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Waukesha Journal Newspaper Archive: November 1, 1890 - Page 1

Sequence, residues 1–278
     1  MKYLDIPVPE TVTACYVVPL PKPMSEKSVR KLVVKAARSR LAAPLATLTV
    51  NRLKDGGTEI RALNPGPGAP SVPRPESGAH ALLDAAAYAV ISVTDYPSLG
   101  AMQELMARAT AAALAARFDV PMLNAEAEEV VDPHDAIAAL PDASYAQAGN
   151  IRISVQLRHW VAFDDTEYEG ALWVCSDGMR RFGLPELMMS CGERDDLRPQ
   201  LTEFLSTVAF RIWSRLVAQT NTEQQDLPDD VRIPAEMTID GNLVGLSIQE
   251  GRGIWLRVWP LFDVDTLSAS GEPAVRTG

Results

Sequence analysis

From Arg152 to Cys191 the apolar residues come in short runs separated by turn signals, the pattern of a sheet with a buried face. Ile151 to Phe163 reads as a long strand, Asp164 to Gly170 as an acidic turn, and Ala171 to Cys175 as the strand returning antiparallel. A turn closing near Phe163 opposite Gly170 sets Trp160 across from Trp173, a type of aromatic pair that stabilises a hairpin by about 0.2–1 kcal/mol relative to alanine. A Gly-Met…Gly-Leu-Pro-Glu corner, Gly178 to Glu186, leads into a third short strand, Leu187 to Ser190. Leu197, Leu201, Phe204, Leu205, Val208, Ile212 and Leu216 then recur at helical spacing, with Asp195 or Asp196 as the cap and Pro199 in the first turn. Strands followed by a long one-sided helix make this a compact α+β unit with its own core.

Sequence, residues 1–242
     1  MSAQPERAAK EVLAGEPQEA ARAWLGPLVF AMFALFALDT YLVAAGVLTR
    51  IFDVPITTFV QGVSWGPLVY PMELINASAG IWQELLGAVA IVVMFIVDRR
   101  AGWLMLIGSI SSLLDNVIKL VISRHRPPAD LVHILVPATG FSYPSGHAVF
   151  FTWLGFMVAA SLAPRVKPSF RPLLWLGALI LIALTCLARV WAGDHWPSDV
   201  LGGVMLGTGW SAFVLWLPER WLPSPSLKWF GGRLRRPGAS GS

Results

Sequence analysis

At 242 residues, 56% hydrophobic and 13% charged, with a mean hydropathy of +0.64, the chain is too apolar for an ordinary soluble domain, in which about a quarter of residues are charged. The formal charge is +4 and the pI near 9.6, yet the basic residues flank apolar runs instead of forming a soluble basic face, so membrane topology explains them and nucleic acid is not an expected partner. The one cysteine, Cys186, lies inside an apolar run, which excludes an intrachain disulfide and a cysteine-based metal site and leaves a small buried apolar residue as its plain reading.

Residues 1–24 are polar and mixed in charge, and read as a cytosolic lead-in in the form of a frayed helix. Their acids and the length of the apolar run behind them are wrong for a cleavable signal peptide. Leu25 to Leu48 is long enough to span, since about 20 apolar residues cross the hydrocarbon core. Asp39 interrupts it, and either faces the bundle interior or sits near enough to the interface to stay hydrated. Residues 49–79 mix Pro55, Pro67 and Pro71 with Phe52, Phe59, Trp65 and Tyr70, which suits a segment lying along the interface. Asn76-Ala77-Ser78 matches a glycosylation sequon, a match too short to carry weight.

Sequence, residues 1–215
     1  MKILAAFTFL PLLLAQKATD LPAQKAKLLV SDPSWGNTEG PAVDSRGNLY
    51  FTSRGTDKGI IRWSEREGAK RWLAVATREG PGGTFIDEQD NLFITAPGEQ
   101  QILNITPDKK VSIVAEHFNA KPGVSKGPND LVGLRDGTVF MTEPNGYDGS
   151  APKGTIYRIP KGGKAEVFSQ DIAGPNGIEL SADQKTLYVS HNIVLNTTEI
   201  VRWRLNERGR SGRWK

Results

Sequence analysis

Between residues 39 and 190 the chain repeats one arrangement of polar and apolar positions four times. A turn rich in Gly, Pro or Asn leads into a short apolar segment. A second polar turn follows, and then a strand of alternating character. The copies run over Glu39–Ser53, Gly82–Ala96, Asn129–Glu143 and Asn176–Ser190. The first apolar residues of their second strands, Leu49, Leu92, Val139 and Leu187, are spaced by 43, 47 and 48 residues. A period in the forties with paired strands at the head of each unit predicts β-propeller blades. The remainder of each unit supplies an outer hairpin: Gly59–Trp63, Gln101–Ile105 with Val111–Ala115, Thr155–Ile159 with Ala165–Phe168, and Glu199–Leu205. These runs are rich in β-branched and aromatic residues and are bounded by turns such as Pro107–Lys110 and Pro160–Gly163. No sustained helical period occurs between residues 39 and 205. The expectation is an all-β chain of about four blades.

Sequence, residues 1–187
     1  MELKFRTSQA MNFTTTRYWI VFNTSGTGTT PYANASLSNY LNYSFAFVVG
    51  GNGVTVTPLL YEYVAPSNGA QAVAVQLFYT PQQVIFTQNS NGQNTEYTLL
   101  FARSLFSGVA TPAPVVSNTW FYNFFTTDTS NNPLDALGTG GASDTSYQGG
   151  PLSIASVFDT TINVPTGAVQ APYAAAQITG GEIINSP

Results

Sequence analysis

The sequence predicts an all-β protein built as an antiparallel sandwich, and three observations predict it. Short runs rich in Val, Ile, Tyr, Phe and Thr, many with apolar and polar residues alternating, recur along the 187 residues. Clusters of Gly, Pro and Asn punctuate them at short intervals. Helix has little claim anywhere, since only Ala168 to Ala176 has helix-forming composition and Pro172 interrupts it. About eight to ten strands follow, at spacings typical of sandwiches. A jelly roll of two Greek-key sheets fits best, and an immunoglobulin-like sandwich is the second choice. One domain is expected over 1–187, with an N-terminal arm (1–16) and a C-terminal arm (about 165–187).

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   Waukesha Journal, The (Newspaper) - November 1, 1890, Waukesha, Wisconsin                               THEJOURNAL rt larger circulation tluin other paper.. THE JOURNAL JAVKD Tilt TAX-PAYEE! A YEAE; On the Tramp Industry. IV. WATJKESHA, WIS., SATURDAY, NOVEMBER 1, 1890. NUMBER. 26. story written about the -Radiant Home Base you 'he Hox. GEO. W. PECK, now Democratic candidate for Govenor, he was editor of the La Crosse Democrat? if not, we herewith print extract: Uirby We never hnd a coal >if-> in t the house until last Saturday. Have always used slain an.I' jjieoes ot our neighbor's fence. I'liid; Germer. of Eri--, fa and. nay man whosay.s we didn't have ,1 ni'jiaut home at our liouss Cor irtout four hours last Saturday night uii Republican an.1 villnia. Vj i S.SM wa di.ln't know auythmR about coal stoves filled tiudiaut tloniu about half .ull of nine feace, aad when thy -tuff RO'. well to we filled the artesian oa top with, on il It M uiie-e4 ,-iad sputtered about five or ten wnd all wVutoir, and we put on au overcoat and a pair of iiuokskin mittens and tiro" to supper. We remarked, in UK- L'oursi! of the fr'ipal in al, that Jones was a "froad" for recom- iMi-ndiDR such a confound-id r-itri eratoi- to a man to get warm by. supper we to -fc a piecs of ice aad rubbwi our hands warm, and wet in where that stove wis. resolve-! to males her draw and burn if it all the feiwe tne First Ward. Our better half threw a unlit over her, and shiverinfr'.y remarked tlmtsne never kuevv what n-al solid comfort was uutil she (rot a cnal ,-tove. Stung by the sar- in her remark. turned every dingus CD the stove that was movable, or looked like it had anythius to do with a draft, and pret- soon trie Kadiaot HOMIB began to h jive up heat: It was uot long bi'l'oiv slid stuttered Hue the new 8ilsuy steamor. Talk about your Vat: In ten minutes it wa- as much worse than a Turkish hutli as HadCT is hotter than Lh-erman's ice house. The perspi ratio j fairly fried out of a tin water iu the next room We opened the doors und snow to melt as far up Vine street as Hinscombo's house, and. nil round the neighborhood put on linen c otliee. And wt  03ly thing wj could do WAS to to bei and leave the thing to burn tin house up if it ivintud to. Wu stood off wit a pole uid tuned the every ivtiv and ni turn sue just seat out enough to roust an ox. to bjd supposing that the coal would eventually uuru out, but about twelve o'clock lh) whole fanrly hnd to Cnt'ip and sit on DIB feiiue. Finally, a nain came .wno had b on brought up u'noug coal stoves, aad he put a wet blanket over him an 1 crept up tii stove- and turned ths proper dinsus. aad she cooled off, und sinutf that time has been just as comfortable as possible. If you buy ii coal stovo you want to learn how to engineer it, or you may get ntustud. I TV -bsve mentioned stove together with a fine line of Ccoc Stoves, Rpves and all kind; of Heaters can be seen at our store. H. M. HORNING, [Opposite Foss toff ice. SARATOGA. PERSONAL. Jliss Carrie Morse is visiting in Kansas I City. Govrrnnr Hoard passed through Wauke- Ishon Monday iiteruoon. J. D. McXiughton of Prospect looked in Ion Hi.' JouuNAi. offiuo in a friendly way I lately. Sir. und Mrs. Harry Dryer, who have beeu I visiting in UCroswe, returned last weak I FTiiliy. Mi's. F. C. Elliott mvl little daughter have ffturuudfrum an extended visit, spent with H. W. King, tv.-eiity-fuur years ago a slier-ill' in this county, vNited bore He is now locited in BMoit. D. K. .McGiimisp.unu agent for the Great Xortlnrii ruilroail, wus tho of Geo. IflirJius on Tliurs lay. ilr. is a llrostltr and enthusiastic in praise of the ro- 'Kot' the coaniry traversed by tho road lie rvpresents. Tlie letter of E. E. Labar lMjuUewliere, gives you a good idea lot this vnst region. IN GENERAL Tin> Hailfield school will remain closed for XuxtTue-iilay being a legal holidiy, the n-ill to) closed. Urs, D. Racon entertained a party of on rnui'sdny evouing, and also Fri- 1% evening. Arthur Killips of New Berlin, who left iii I'ompany a neighbor's to years iu.the Industri- school. t Center was recently the scene" of a iff: of wool, Asa Wilkins being she A contract for the sale of the clip tu Hie .Oth hist., and the loss was I101 the ffid, when the-'ovraer about to load the wool. 1 nr.i in receipt of a newspaper clipping Btytll'lTliit -i means to prevent the spreading diphtheria, with the request that pah-. 1 lu-jiues to late to be available this but it seems so reasonable that we will I. KM to make room for it in a substquent leaSue evening in the social or the HethoJ 1st church, at which the Iraui Astllis church and the League are lo uo Party- it was a fair re- sd'Ject The exercises were di- r't.- tlle siuS'r'S of appropriate songs, Citations suitable to the occasion. Hat." Ule is cold enough to tiuitig a piuaslnt the ties in tho viiltge are preparing Anights of Seat ball S'V8 a firand bal1 at Aoluss- tlW eveninE of NOT- 13th, and of Locomotive Fireman are' 5 of a similar event foi Thanks- I'arion SS Pfiu; ih's is their third annual ball. eacmgat about crowds could spite by the time Reed showed listen to the of the Maine statesman, the- signal for repeated- hurrah v, to nurran or with a head and Che to carry 'to ft he'once sets "his 6J spoke.briefly.' and woli. Rusfc was also. on'the to receive the 5111 frioads, e hia Wi New SHephcriJ. Tlie St. Mattm'as' church society is to be congratulated upon securing the services of the C. W. Ivie of Brooklyn, X. Y., as rector. .Mr. Ivie is a gradu te of Columbia college, New York, and of the Geiieral Theological seminary, and although a young man done very acceptable pir- ibh work in otutr fields. He will enter upon his Dastoral duties horn Dec. 1st. An Kxcelleut JEuttirtitiiuent. The Citholic .Knights and tho Catholic Fui-i'esLerspf VVnukesha, will give a grand ball under the auspices of both societies, on tlie evening of Nov. at Amusement hall. Committees have beeu appointed from both societies, and are now m-iking an-angemeiits to make this the largest and finest ball of the season. JRel'rcshments will be served uuder tbe out- pices of the young ladies of the parish. Everybody is invited to come aud enjoy themselves. _ Little GiaiitH to Strive. Arrangements arc now in progress for a Demorest grand gold medal contest to be held 1 the Baptist church Nov. Mth. The following contestants will tuka part: Anna JBrockway, Wauwatosa; Nellie Finch, Vf aukesba; May Farwell, Waukesha; Lottie Fish, Menomonee Falls; Clara Mc- Intosh, Honoy Creek; Ga-il Randolph, Troy Ceuter; Florence Salisbury, Eagle; Carrie Turner, Merton. These young ladies have each won a silver and a smill gold medal and will now com- pete for the bightst prize in the series except tbe diamond medal. Elocutionists and tem- perance workers from all parts of the state are expected, and the event is looked for- ward to with great interest. ns VB. Wheelmen. There was a very large attendance at the meeting of tho Waukesha Wheelmen on Tuesday evening, but there were enough present to draft out a set of rules and regula- tions which has received thu signature of all the bicyclers in the village. These regula- tions require that the sidewalks on the Busi- ness streets shall not bo used as thorough- fares for wheels, and also stipulate that the signers to the document will use tha utmost discretion as to their use of the sidewalks in other parts of the village. This is a sensible move, and it will 'obviate the necessity of ordinances by tbe village Board. Pedes- trians have the- first right to the.uss of tbe sidewalks, and their rights should be rigi ly enforced. If they will amicably share their rights with wheelmen on certain streets it is better all around. _ Mud, Stonox iimd Hlood. The members of tbe -Republic. u Wide Awake ciub are feeling pretty sore as .the result, of the. demonstration made Thursday evening, and the hoodlum treatment they received at the hands of fifty or so ruffans, who attacked them in their line of march with stones and mud, but who would not come up to the scratch and measure their re- spective powers in a hand-to-hand encounter. The club had torches, two drums and a fife and carried transparencies, and were march- ing in line like well-drilled soldiers, making no more disturbance than is warantable in a political parade. A baud of what may de- velop into Democratic voters, followed in their wake, threw stouos and mud, broke torches and transparencies and laid opsn a few youthful heads. Forays were made' by tho Hoard followers and sorue of che little rascals were soundly chastised, but as the main body sought safety in flight the punish- ment fell far short of its rightful measure. The friends of Harry Prindle, whose head is badly cut, are looking for the one who threw the stone, but it-is probable that the culprit will escape the just reward of such an out- rageou-' conduct. The hoodlum element all shouted for Peck. It is quite possible that .Mr. Peck would have disclaimed his adher- ents had he witnessed the outrage. The largest assortment of Diamonds ever on' exhibition in Milwaukee by O. L. Eosenkrans Co.' IJook out for llJcgal Votes iKexfc Tuesday and tet Guilty Man usual Increase of is Ke- apomible for the "Stranuerh" in Town? The registration list in the several voting precincts show a total of persons en- titled to vote. This is an increase of 330 votes in two yeirs, or an addition of in our population in the Same period. These figures are not borne out by the late census report and the question suggests itself: Have the registration lists been stuff- ed? Evidently there is an unusual floating copulation in Waukesha at the present, and t behooves those interested to keep a sharp ookout that no man votes who is not en- titled to. Tbe "nimble at the caucus" crowd are ex- ceedingly active. Look out for them and arrest any man who attempts to commit perjury at the polls. IS THERE CROOKEDNESS' WAUKESHA BOOMING FROM A REG- ISTRATION STANDPOINT. SHAKESPEAREAN REPLY. Democratic Demagogue JFrom Church, Not Politics. The following is one of the replies sent to Boss Koerner's printed interrogation: KBWAUTTEE, Wis., Oct. 34, Chris Koerner, Milwaukee, Wis., DEAiiSiR: I am in receipt of a. Jotter signed by yourself asking if I am for the repeal of the so-culled Bennett law, and statiug that you wish to know, as I am a candidate for the office ot' clerk of Circut court. I presume you mean Circuit court, at least I learned to spell it that way in the public schools, to which, permit me to say, I owe all that I am or ex- pect to as an American citizen. I fail to see wherein my opinion of the Bennett law affects my competency to prop- the business of'the office for which I am honored by a nomination, but. to gratify your idle and impertinent curios- ity, I-will inform you that I am for the Ben- ni-tt law first, last, and all the time. I am for education and intelligence as opposed to ifrnorauce aod superstition. I am for the uioeteath century ideas as opposed to the line of thought and argument used in tho. six- teenth century. lam for the education of children in the language of the land in which ihoy expect to live ana die, do business, and exercise the rights of citizens. I urn a Ger- man Lutheran. In love of mother church and the traditions of the of my fathers, I yield first place to you or no other. But I solemnly protest against the use of my church as a political machiue by a few de- politicians like yourself.' I will take my religion from my mother church, but not my politics. But whv do you ask me this quoscion? Du you expect to frighien me with a threat? Do yoa expeot to coerca my conscience? Do you expoct I will answer you and perjure my soul with a lie that I am op- posed to this law in hopes of getting the votes of your followers? Is this'the liberty of conscience and personal freedom of which you prate? You, who hold over me the pa- vengeance, of my church, to talk so ;libly of paternalism and liberty of con I resent your impudence, deny vour rieht to coerce my opinion, and declare myself unalterably opposed to your system of political campaigning. Yours very truly, HENRY L. FENSEL. Obituary Mention. Daisy Belle Bairtil, second daughter of Mr. and Mrs. A. M. Baird, formerly of Chicago, passed away Thursday morning, after a >rief illness of five days, of Diphtheria. The funeral took place Thursday tho family residence, Lincoln avenue. A previous UarlinEr from us has gone, A voice we loved is stilled. A plact- is vacant in our homo Which never can be filled. Chicago papers please cop_y. On Friday, Oct. 24, 1800, there passed to his reward, at the age of 73 years, W. L. Wright, ono of the early settlers of the coun- ty. He was of Scotch descent, and was the chief support of the Reformed. Presbyterian church, near his home, the only one of this denomination in the, state. He was very lib- eral, as is shown in his repeated gifts to Car- roll College, and churches of the nn faith. Mr. Wright came to Waukeiha in S45 and has lived hero continuouslly ever since. He leaves a widow and a son and laughter-to mourn his loss, also a large num- ber of our old citizens who in him had a valued friend. His funeral on .Sunday was very largely attended- Mr. Had field's Narrow Escapu. Quite a spirited runaway occurred on Tuesday, resulting in the complete demoli- tion of two buggies, but happily, doing no Teat barm to drivers of either, or the 'earns attached to the vehicles. Our respected ;ovrasman, J. J. Hadfield, was driving down Broadway with the tugs hitched long, so that the neckyoke slipped off the tongue. The horses were traveling at a; rapid rate and were surprised to find the tongue plow- .ng along the ground between them. When they reached the bridge the swayin? tongue struck the center structure, completely sliver- ng it and separating it from the buggy. A ;ew plunges of the horses and the buggy box was thrown gently aside in which Mr. Had- field sat perfectly unconcerned. With the of a slight bruise on the head the ;entleman is unharmed. The team .also escaped injury, but the buggy'was scattered over a large.part of the street: During, th jrogrr-ss of the work of destruction, another ggy which chanced to come in the way was disposed-of unceremoniously and is at the wagon shop for repairs. The cheapest place to buy Jewelryis at 0. POLITICAL NOTES. A good deal of amusement was during Mr. Saturday night by a gentleman who claims to b'e deeply inter ested in' section 1 of the Bennett law and de sired Mr. Kolley's interpretation of the para graph. Tho speaker complied, or attempted to, do so, but was continually interrupted by his interlocutor who seemed to believe that more good could be accomplished by both talking at the same time. 'A half horn- was spent in this way diversified by 'terse suggestions' from the audience vho were ready to furnish amount of assistance to Mr. Kelly if he neaded any, which he' did not. An attempt was made to preserve order which was successful after some delay, and Mr. Kelly continued his speech without further interruption. The little altercation which he took in the most friendly spirit, erved" Mr. Kelly, as an elixir, and he con- tinued his talk with renewed vigor and with ire and eloquence lacking in the earlier part if the address. He improved the oppor- unity to show the courtesy of the gentleman and the ability of the Orator, and regarded be iuterruptiou as a little pleisantry which he turned to his own advantage. V Voters in the Second Assembly District hould make sure that they cast their ballot or 0. L. Rosenkrans for member of Assem- )ly. He is a man of executive ability, arge business experience, and possesses a knowlege of state and national affairs second ;o no roan in Wisconsin. He will do honor to Waukesha connty and to the entire state. He is sound on all questions relating to the best interests of the government Ha can do much good for Waukesha county, and if elected will be heard from to the gratifi- cation of every taxpayer, whether Republi- can or Democratic. His competitor, M. A. Place, is an honorable, upright farmer, but (is an aspirant for the position of member of the Aisambly, there 'is no comparison be- tween the two men. V There are several reasons why Chas. Van Brunt should be elected sheriff of "Waukesha connty. He is eminently qualified, having served as deputy for four years. He is a squire-toed Republican and can1 be found true-blue, first, last and all the time. Two years ago ho lacked but a few votes as nomi- nee for sheriff, but after tho choice of the convention fell upon W. S. Parsons, Mr. Van Brunt cordially grasped him by the land, rolled up his sleeves and worked like a nai'er for his election. There is never any danger iii casting your ballot for a true man, eminently qualified for the. position he seeks, as is Mr. Van Brunt. V It is not necessory to ugain enumerate the ndividual worth of each Republican candi- date on the county ticket. All have had ex- perience in the different positions which ,uey will be called upon to fill, and each one ihould receive the hearty support of every ;rue Republican. No petty jealousies should nterfere with the sentiment herein express- ed; no Republican should do aught to iuter- 'ere in any way with tho chancea of the elec- tion of every Ropablicin on the county tick- et. Let it be left with Democrats to cater- vaul. One of the most prominent nominees ever placed before the people of Waukesha coun- y for a position in the state legislature is the Hon. F. H. Putney. Ho is a gentleman and scholar, thoroughly posted on the affairs of state, and last, but not least, ho is an hon- sst man whoso fair name cannot be smirched by the foul breath of calumny. He is as (ar above the Democrats who attenpt to throw mud at him as an honest man is above a coundrel. V No cleaner ever sought the suffrages if the people than. Hon. Jesse Stonp, of Watertown, the candidate for state sona tor n the twenty-third district, which includes he Second Assembly district of VVaukeiha ounty. He will secure the entire Republi- an vote, besides many from the opposite party. V It is rumorei that a small contingent of he English faction are now attending night chool under the 'provisions of the Bennett aw to learn the rudimentary principles of he English language, so that they may be able to say "eggs" instead of "heggs" and 'horse" instead of "orse." Chris. Gaynor, the Democratic candidate or sheriff, wore a little school-house butlon n Waukesha tho other day as the resu't of a iractioal joke, played upon him by Repub- ican friends. Chris thought it was "loaded" and took it off, V No candidate in this county will have a walk-away next Tuesday. Guessers on the >olitical situation are up a stump. They Know not whether to jump or to stand still. V One of our clearest election guessers sums up the political situation" in this manner: Would: not be surprised to hear of Hoard's election by majority." According to street corner authority, the only real, genuine hustlers left in the Demo- cratic party are Matt. Regan, Pat Buckley ,nd Counselor Harrington. V No voter should be deceived by any fool- sh clap trap, or mud-throwing circulars ssue-by the Democrats in their usual left handed manner. An elegant stock of Masonic Charms nt O. L. Eosenkrans Thatcher Co.. Milwaukee.____________' A Card. Madame Varley wishes to say to ner cus- amers, that although she has in attendance a good milliner, she will be most of: the sea- on in Chicago, as business will detain her here. She has stock of new..winter millinery and is .offering special, inducements 'S2 and Housekeepers, Take Notice We are about to issue the second edition of our COOK BOOK. This edition will be bound in Leather- ette. We vvjsh each housekeeper in the county to send us her favorite receipt, either for cake, pie, bread, pre- serves, cooking meats, etc. These receipts will appear ic our COOK BOOK, and will be followed by the name ol: the giver. Each person sending receipt will receive one of these books when, issued. Mark on outside of envelope what receipt is for, and be sure and sign your name and address plainly. BLAIR ESTBERG, 'Waukesha, Wisconsin. Rr V fe..' Clark's Mile End Spool Cotton After trying mnsc nil other makes we have decided the Clark's Mile End is tho best. ,hread manufacture i. V full stock always on hand; wholesale and retail. DRY GOODS and GROCERIES IMPORTANT IMPROVEMENT. 1 Cold Storage Bullilin's that Adds an Important Indiibtrs1 to Waukcslin- Harris Bros. Co. have plans completed or a cold storage building 50x70 feet, which will be completed within the next sixty days, Bridgo street. The building will bo brick veneered and will be enclosed within forty .ays. It will have a capacity of two car- oads of fresh meat, 4000 cases of egKS and 00 cheese. The building will cost in the isighborhood of and will be of great jonefit to Waukesha, especially in the sum- mer time, when dealers in perishable goods Lesire to have a stock on band to meet press- ng demands in i he rush the season. The oi.itru.ot f jr the building will probably bo et to-day. Harris Bros, a.-e entitled to much redit for their which w bound to )e lucrative to themselves and a permanent "rowth to Waukesba. ______ Matrimoninl. Married, at Spencer, la., Wednesday, Oct. 9th, John S. Wintoa, a former resident of 'Tew Berlin, and Miss Jeanie Woods of Mil- ord. Mr. Winton was at one time a student Carroll college and is well known in this illage, his friends unite in wishing iini much joy. Married, at Eagle, Oct. Finch of V bitewater, and itartiu Gosa of Pilmyra, lev. Father Pischerry officiating. The poung people will make their boaie in Pal- myra._________________ Miss L. Bessie Lane wishes to inform the dioj-ot Waukeshu that she will do dresf- naking in their homes by. the day or week. Ipecial attention given to teaching cutting i.l fitting by improved systems. All lines f hair work taught. Cc.fi guarantee to teach ny pupil thoroughly, however dull the cholar may be. After fc r past experience n dress-making and hair work she can assure atisfaetion. She invites all who are inter- sted in having work done to call and exam- ne samples ani references: Inquire 48 j-rand avenue. 2G 3w Elegant 3 ewelry, new designs, at O.L. losenkrans Thatcher Co., Milwaukee. Colleee Course. The remaining dates of this popular lec- ure course are as follows: Frank Beard, STOV. llth; Prof. W. H. Meeke, Dec. llth; Hon. R. S. Hoar, Jan. 16; Dr. F. W. Gun- saulus, Jan. 20. Season tickets for the bal- ance of the course may be purchased for one ollar, at any of the drugstores. The approaching entertainment by Prank Jeard is unique, original and humorous. Out of innumerable press notices we select he following: 'l The' caricature lecture by Frank Beard, Ssq., of New York was unusually well at- ended. He held his audience spellbound to he close, and a more delighted audience ever left the auditorium. His lecture, vbich was freely illustrated by. caricatures rawn at the moment, was brilliant with the sparks of his happy wit, und yet for those who preferred the sober thoughts there was ,n abundant supply. As an artist, Mr. Jeard, in his branch stands .peerless, and he s entertaining and accomplished as a lectur- r. His lectures ever abound with original noughts, and hie manners and expressions are free from the hackneyed Courier. Hr. Beard gave a short lecture, freely il- ustratdng it with his crayons. Ha always raws the largest crowd 'of the day when he peaks, and so, naturally enough, the audi- orium was packed to hear. ua (S. Y.) Daily herald: GUILD great feat- ure of the evening was the wonderful skill s a draughtsman displayed by Mr. Frank The amazing rapidity with, which IB produced figures in chalk .on the black, joard excited .the liveliest, amazement mong the spectators. His Giver? was a rich and cleverly drawn'" caricature nd produced great laughter and applause, 'scarcely less amusing; artistic feats. e '.accomplished, were the remarks with' phich ity Kurly Cotton Muuafuctui.'e. At a date before history tho art of cotton manufacture was carried from India to Assyria and'Egypt; butit'-.vas not until the thirteenth century that the cotton plant was introduced into southern' Europe, where its wool was at first to make paper. The man- ufacture of it into cloth in imitation of the fabrics of Egypt and India was first attempted by the Italian states in. the thirteenth century, from which It was carried into the low thence passed over to England in the seventeenth century, LeFeber Johnson, of North Greenfield, Jersey breeders and importers, will offer for tho next sixty days reduced prices on thflir Jersey scock which' must be decreased before the cold weather. Those gentlemen are the owners of the Echo farm herd, which took ssveral prizes at the recent fairs. The herd includes all ages from sucking calves to two- and three-year-olds. The breeding is guar- anteed, and no finer animals are to be found'_ in the country. Farmers who wish to i'ltro-- duce strain into their herds will do well to take advantage of this ofltr. LE FEBER JOHNSO.V, North Greenfield. .Fine Spectacles and Eye Glasses in gold, silver or steel frames, at 0. L. Eosenkrans Thatcher Co., Milwaukee. Pluno For Kuut. Apply to A Tyler, Carroll's block, Wau- kesba, Wis._________________ Attention. We wish to call the attention of the people of Waukesha county to our large and com- plete stock of Dry Goods, Clothing, Boots, and Shoes, Hats and Caps, Gloves, We are daily receiving now goods and as we are very much crowded for room, we will make prices to make them move rapidly. We have an especially larga stock of Boots and Shws and Clothing, and as our orders wero placed befo.'e tlu rajeot advance-in prices, we can offer you some good bargains. In Clothing it is the universal verdict of those who have seen our goods, that our make and fit are far superior to any they have seen. Do not f.nl co call and see our goods before you purchase elsewhere. Remem'.-er cur inducements are Lower Prices for Superior goods. BHEIOT BROS. For Diamonds and Watches don't go to amateurs, bu'-; buv of 0. L. Bosenkxans Thatcher Co., Milwaukee. Butrav. Came to my enclosure on the 21st inst., three spotted and two rod. Own- er can prove property, pay charges and take them away. JOHN MUCKLESTON. Real Kmnte. Richard E. Labar, the real estate agent, whose office is over the Waukesha Exchange a large list of property that will be to the aU vantage of buyers to see before closing a purchase. These are a few ot the offers: Several bargains in Waukesha cottages and houses, For Sa e or acre farm, in Lake .county, South Dakota, 8 miles from Madison, the county seat. Fine land, good country, wellsettlei Will take house and lot in Wnukesha. A flue 10 acre garden place, near the vil- lage, at a low figure for cash. A magnificent stock and grain farm in Walwort.h county, at a sacrifice. Over. 300 acres wijl be sold separate or together. For or beautiful farm, with stock and growing crops, 'near Troy Centre, "Walworth county. Marble Clocks. and. Bronzes at 0. L.- Rose.nkrans Thatcher'Co., Mihvaukeel Idoul Watery For